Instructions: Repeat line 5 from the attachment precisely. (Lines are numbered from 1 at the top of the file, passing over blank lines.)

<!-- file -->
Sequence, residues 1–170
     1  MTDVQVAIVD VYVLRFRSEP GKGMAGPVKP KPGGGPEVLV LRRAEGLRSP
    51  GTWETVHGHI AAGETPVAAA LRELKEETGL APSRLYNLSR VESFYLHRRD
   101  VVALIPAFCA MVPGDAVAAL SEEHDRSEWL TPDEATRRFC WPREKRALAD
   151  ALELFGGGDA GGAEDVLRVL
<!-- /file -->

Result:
   151  ALELFGGGDA GGAEDVLRVL